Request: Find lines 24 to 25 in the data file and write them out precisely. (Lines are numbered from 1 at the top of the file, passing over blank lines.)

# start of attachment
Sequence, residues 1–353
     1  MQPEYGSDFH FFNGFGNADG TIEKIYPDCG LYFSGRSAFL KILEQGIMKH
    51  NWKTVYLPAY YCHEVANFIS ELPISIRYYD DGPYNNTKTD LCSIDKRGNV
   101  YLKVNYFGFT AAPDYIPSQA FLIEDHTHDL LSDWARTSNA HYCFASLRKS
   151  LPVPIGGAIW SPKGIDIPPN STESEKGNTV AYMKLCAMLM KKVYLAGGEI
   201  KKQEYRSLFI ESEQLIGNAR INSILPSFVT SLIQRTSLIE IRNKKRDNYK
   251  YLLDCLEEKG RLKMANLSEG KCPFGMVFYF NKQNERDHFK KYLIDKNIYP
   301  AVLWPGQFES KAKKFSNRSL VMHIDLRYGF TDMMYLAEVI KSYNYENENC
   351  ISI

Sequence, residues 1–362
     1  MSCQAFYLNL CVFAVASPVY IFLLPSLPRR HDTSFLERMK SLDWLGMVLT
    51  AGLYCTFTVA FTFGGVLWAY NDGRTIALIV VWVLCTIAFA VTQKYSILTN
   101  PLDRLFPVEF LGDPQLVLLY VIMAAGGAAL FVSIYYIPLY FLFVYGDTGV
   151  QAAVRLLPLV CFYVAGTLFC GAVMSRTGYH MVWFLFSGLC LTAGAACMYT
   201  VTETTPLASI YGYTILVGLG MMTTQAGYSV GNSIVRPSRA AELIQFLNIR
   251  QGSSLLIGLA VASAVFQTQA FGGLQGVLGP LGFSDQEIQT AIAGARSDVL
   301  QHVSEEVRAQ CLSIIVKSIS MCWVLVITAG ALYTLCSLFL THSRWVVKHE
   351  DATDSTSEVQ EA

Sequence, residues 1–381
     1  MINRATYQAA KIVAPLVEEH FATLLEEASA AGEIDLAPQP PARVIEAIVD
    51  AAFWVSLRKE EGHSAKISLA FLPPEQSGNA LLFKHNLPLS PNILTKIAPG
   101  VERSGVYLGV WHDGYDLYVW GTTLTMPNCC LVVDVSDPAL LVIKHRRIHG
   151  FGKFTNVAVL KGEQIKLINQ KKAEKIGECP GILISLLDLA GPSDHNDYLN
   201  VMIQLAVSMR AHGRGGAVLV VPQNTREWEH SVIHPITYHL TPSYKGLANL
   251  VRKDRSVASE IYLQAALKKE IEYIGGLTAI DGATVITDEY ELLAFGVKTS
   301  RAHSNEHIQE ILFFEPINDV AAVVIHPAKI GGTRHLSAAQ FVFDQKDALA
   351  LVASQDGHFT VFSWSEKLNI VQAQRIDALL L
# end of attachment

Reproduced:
   201  VMIQLAVSMR AHGRGGAVLV VPQNTREWEH SVIHPITYHL TPSYKGLANL
   251  VRKDRSVASE IYLQAALKKE IEYIGGLTAI DGATVITDEY ELLAFGVKTS